photos by Julia Robinson, provided by the Gary Sinise Foundation

The Gary Sinise Foundation builds fully customized, specially adapted smart homes for our wounded veterans across the U.S.

Getting up to turn on the lights, walking through a narrow hallway, taking a shower. These are things most people take for granted. But for some, daily activities like these require extra effort or assistance.

There’s a population in our country that has sacrificed for our freedom — their time, relationships, even limbs. Our wounded veterans, many still very young, deserve the freedom and independence they fought so hard for.

Operation Tyler

In 2011, Scott Schaeperkoetter was having dinner with his parents when he came across a news article announcing the return of Tyler Huffman, a local Marine, to Jeff City.

Schaeperkoetter was inspired by Joe Twehous’ land donation to Tyler and the involvement of the Gary Sinise Foundation. All that was needed was community support and labor to give this deserving veteran a comfortable home. “I’ve never served in the military, but I have a tremendous amount of respect for our military,” Schaeperkoetter says. “So, I called Joe that night and told him I want to be involved.”

Donating their time, Schaeperkoetter and his team set to work. “I really thought this was an area where I could use my God-given talents to help someone,” he says.

The Gary Sinise Foundation

After a flight to L.A. and a visit to the set of Sinise’s show, “CSI: New York,” Schaeperkoetter met with Judy Otter, Gary Sinise Foundation’s Executive Director, and explained to her the reason behind Operation Tyler’s success: community generosity.

“I was a little star struck at first, I’ll be honest,” says Schaeperkoetter, “but after that they called me back and asked if I wanted to start overseeing some other projects they were doing across the country. For a few years I served as Project Manager and was then brought on as Director of Operations for the R.I.S.E. program. R.I.S.E. (Restoring Independence Supporting Empowerment) builds specially adapted smart homes for severely wounded veterans. Utilizing Gary’s passion, and under the supervision of Judy, I’ve been able to help grow and develop the R.I.S.E. team.”

“Scott has been crucial to the success of the Gary Sinise Foundation’s R.I.S.E. program,” Otter writes in an email. “He has put together an amazing team. They are extremely effective. With his supervision, we’ve been able to increase the number of homes completed per year. This has allowed us to increase the number of home applicants accepted into the program as well. He’s also helped steward our corporate and national in-kind partners, contractors, and builders for each home, which has helped with in-kind donations, bringing the cost of each home down. This means we’re able to help even more injured heroes and continue to pay it forward.”

Schaeperkoetter speaks at length about Sinise’s passion for what he does — it’s a passion the two share.

The Homes

From contracting to interior design, the Gary Sinise Foundation R.I.S.E. program builds mortgage free, fully customized specially adapted smart homes for each veteran and their family. On average, Schaeperkoetter and his team build 10 to 12 homes per year. “These are truly custom homes,” Schaeperkoetter says. “We start the process over every time. We have to hire a new builder, hire a new architect, find land that the veteran actually wants to live on. Our goal is for them to be able or want to live there forever.”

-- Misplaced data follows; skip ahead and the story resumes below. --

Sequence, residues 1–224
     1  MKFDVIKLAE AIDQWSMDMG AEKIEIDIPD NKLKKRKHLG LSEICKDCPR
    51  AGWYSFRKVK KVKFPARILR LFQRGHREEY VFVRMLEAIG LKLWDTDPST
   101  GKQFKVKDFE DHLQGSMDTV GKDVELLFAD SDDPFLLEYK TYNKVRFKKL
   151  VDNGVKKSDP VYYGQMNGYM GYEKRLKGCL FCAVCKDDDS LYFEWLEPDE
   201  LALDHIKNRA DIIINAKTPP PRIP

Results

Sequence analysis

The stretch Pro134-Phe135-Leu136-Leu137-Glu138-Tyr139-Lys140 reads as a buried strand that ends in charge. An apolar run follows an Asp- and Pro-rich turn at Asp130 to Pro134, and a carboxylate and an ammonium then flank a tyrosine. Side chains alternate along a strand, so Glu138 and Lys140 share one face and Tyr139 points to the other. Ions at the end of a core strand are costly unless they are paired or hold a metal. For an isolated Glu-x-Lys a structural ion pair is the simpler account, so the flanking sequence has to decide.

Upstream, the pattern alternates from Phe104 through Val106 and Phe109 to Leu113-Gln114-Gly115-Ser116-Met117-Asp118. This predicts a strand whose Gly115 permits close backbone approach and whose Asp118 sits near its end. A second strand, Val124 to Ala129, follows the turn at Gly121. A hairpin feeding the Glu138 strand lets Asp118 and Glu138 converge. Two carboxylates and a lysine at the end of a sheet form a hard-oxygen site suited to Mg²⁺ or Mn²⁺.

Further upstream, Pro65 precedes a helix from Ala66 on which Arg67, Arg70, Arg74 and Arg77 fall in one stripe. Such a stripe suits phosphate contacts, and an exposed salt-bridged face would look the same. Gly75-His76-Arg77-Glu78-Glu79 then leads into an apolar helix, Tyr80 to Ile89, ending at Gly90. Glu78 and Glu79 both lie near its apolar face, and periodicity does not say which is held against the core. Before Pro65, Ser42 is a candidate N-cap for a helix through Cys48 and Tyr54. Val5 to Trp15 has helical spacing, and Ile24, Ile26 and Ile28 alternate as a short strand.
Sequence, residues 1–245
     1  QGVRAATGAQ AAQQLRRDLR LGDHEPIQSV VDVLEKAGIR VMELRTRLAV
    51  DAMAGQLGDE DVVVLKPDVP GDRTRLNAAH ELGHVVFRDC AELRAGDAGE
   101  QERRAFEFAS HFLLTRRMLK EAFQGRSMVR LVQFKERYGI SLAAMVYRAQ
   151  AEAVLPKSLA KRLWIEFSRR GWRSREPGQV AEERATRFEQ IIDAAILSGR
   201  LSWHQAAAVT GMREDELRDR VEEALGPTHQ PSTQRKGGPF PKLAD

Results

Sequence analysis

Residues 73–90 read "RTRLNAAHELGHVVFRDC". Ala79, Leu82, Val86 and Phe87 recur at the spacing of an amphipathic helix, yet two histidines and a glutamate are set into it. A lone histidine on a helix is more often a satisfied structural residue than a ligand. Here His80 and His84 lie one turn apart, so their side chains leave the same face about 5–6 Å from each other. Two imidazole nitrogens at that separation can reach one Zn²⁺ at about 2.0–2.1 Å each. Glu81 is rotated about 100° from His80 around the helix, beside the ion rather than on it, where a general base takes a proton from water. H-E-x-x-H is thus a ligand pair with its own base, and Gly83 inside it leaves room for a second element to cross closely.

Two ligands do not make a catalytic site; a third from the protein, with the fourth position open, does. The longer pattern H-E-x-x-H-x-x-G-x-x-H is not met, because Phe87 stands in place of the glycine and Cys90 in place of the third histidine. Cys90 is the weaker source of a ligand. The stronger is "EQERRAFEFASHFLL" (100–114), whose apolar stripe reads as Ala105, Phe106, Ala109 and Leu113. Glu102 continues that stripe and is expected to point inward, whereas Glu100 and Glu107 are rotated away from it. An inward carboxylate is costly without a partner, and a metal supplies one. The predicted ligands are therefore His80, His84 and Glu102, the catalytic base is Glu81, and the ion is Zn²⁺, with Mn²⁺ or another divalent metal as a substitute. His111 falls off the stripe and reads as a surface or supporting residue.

The primary goal of this program is for the veterans to have independence in their own home. “For most people, our homes are a retreat,” says Schaeperkoetter. “It’s where we feel most comfortable, relaxed. It’s the exact opposite for these guys. They go home and it’s just as much of a challenge there as it is anywhere else. We want to make it so they don’t have to think too far in advance about their morning or what they’ll do when they get home. They can just live.

“It takes a village to be able to support our wounded veteran community because there are just so many out there,” he continues. “I think the big difference between the Gary Sinise Foundation and some of the other amazing organizations that build homes is that we really build a custom home. We spend a lot of time up-front with those veterans to understand their needs and challenges in their current home. We want them to be very involved in the process. We ask them where they want to live, what design they prefer, and much more.”

The “smart” technology is one of the biggest ways this goal is achieved. Some examples of this technology and other construction features are smartphone- and tablet-controlled lighting; smartphone-controlled locks and security cameras; zone-controlled thermostats (amputees tend to run hot, so their homes tend to run very cold); audio and video throughout the entire house (many veterans utilize audio therapy); large bathrooms with room for wheelchairs and completely accessible showers; wide hallways; open floor plans; and single-level homes.
The success of programs like this lies in the people who work on them. It takes a special passion and drive to commit so much of your time and energy to help others. Otter says: “Something in particular I remember is how passionate and inspired [Scott] was after working on Tyler Huffman’s home and how that’s carried over on all the homes he’s managed for us. Working with Scott, it’s evident that he cares deeply for each defender and their family. He is truly committed to them through the home building process, and that commitment and compassion continues even after the veterans are in their homes. Scott doesn’t just look at this job as building a house — he sees it as providing these families, who have already sacrificed so much, an opportunity to heal and achieve new dreams.”